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If $d$ is a positive divisor of $n$, the number of elements of order $d$ in a cyclic subgroup of order $n$ is $\phi (d)$=the number of positive natural numbers less than $d$ which are coprime to $d$.

The question I have concerns a part of the proof:

If $d | n$ then there exists exactly one subgroup of order $d$ -- call it $\langle a \rangle$. Then every element of order $d$ also generates the subgroup $\langle a \rangle$ and an element $a^k$ generates $\langle a \rangle$ iff $gcd(k,d) = 1$ implies that the number of such elements is precisely $\phi (d)$.

How does every element of order $d$ also generate the subgroup $\langle a \rangle$, wouldn't it be only one $a$ since $|\langle a \rangle| = |a|$? And how does this fact imply $\phi(d)$ is the correct number?

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Consider $\mathbb{Z}_5$. Under addition we have $$\mathbb{Z}_5=\langle 1 \rangle=\langle 2 \rangle=\langle 3 \rangle=\langle 4 \rangle$$

A cyclic group has at least one generator, but if it is finite, then it will have exactly $\phi (n)$ total, where $G$ is your cyclic group and $n=\left| G \right|$. So equivalently, you could define the finite cyclic group of order $n$ as the group with exactly $\phi(n)$ generators, but it would need to be proven that this is equivalent to being generated by a single element.

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  • $\begingroup$ But why does every element of order $d$ generate the subgroup $\langle a \rangle$? I know that $|\langle a \rangle | = |a| = d$, but doesn't this imply that only one element generates $\langle a \rangle$? $\endgroup$ – Oliver G Jul 12 '16 at 18:12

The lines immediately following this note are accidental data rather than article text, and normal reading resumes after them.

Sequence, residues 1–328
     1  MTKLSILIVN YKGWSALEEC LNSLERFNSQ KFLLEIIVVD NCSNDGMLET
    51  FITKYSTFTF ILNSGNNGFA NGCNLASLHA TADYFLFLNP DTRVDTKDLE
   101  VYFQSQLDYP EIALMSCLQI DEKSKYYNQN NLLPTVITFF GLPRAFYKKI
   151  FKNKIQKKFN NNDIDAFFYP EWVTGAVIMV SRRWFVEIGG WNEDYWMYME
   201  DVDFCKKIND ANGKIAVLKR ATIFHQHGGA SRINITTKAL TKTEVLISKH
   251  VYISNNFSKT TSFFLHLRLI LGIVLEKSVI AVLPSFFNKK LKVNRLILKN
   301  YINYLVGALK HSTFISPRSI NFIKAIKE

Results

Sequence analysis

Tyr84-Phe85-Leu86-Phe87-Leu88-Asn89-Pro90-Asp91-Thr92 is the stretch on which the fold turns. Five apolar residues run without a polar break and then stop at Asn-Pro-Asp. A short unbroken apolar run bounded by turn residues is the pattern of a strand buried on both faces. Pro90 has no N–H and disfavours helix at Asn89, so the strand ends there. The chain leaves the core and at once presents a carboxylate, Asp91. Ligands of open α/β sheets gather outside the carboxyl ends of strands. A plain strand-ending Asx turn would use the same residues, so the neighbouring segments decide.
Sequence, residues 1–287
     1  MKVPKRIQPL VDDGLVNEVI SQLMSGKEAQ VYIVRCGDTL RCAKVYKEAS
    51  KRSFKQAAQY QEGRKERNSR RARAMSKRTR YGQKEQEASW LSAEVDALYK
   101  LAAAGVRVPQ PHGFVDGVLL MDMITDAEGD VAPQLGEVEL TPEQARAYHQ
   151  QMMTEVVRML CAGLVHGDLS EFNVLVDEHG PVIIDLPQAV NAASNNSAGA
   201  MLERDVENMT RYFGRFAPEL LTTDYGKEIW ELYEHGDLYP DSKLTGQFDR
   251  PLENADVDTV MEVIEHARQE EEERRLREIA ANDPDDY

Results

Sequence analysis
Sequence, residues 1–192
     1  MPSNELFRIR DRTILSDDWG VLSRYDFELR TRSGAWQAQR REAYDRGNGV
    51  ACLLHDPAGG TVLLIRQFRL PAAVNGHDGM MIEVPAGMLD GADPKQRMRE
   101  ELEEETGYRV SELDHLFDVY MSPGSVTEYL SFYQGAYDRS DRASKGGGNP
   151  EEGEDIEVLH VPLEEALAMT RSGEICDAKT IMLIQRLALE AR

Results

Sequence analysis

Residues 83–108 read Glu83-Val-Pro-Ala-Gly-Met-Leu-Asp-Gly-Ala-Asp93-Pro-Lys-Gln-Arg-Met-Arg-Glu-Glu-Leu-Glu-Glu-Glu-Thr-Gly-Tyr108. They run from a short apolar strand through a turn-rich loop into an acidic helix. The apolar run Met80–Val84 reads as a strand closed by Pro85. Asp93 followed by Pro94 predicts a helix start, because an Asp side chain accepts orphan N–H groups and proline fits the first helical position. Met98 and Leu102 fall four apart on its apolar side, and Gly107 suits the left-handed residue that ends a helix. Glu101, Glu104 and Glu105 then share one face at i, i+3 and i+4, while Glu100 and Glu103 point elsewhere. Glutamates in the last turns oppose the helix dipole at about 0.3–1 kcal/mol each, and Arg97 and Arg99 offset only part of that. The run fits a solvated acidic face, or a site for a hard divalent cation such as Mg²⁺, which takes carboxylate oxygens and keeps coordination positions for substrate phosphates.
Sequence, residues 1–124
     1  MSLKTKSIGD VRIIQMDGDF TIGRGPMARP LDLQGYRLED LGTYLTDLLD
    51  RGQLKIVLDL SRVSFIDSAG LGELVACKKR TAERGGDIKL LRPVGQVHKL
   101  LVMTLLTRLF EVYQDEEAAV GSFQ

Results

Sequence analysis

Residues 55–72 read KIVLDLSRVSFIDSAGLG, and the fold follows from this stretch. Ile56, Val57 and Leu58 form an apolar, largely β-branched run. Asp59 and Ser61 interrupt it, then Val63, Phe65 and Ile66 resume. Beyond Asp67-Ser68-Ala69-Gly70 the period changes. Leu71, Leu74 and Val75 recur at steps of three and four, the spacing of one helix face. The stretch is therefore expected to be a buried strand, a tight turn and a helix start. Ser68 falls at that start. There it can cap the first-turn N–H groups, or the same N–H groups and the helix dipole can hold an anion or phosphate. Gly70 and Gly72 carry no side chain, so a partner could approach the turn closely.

• $\begingroup$ No, $|\langle a \rangle |=|a|=d$ just implies that it is generated by at least one element; namely $a$. If $|b|=d$ for $b \in \langle a \rangle$, where $|\langle a \rangle |=d$, then $b$ must generate all the elements of $\langle a \rangle$, because $\langle a \rangle$ only has $d$ elements. If $\langle b \rangle$ generates exactly $d$ elements, then it must generate all the elements. Remember $b^r \in \langle a \rangle$ $\endgroup$ – JasonM Jul 12 '16 at 18:21
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An element of order d generated a subgroup of order d which is $<a>$ since $<a>$ is unique.

A subgroup of order $d$ is isomorphic to $Z/d$ if $[n]$ generates $Z/d$, $[1]=m[n]$ this is equivalent to saying $1=mn+cd$, thus $gcd(d,n)=1$. Thus there exists $\phi(d)$ generators.

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  • $\begingroup$ So $a$ generated the subgroup $\langle a \rangle$, therefore there is only one element whose order is $d$? $\endgroup$ – Oliver G Jul 12 '16 at 17:35
  • $\begingroup$ I suppose you have understood that there is only one subgroup of order d $\endgroup$ – Tsemo Aristide Jul 12 '16 at 17:36
  • $\begingroup$ A subgroup of $Z/n$ of order $d$ is generated by $[n/d]$. $\endgroup$ – Tsemo Aristide Jul 12 '16 at 17:39
  • $\begingroup$ But the proposition is saying that the number of elements of order $d$ is $\phi (d)$, which isn't always $1$, so how can there be only one element that has order $d$ that generates $\langle a \rangle$? $\endgroup$ – Oliver G Jul 12 '16 at 17:39

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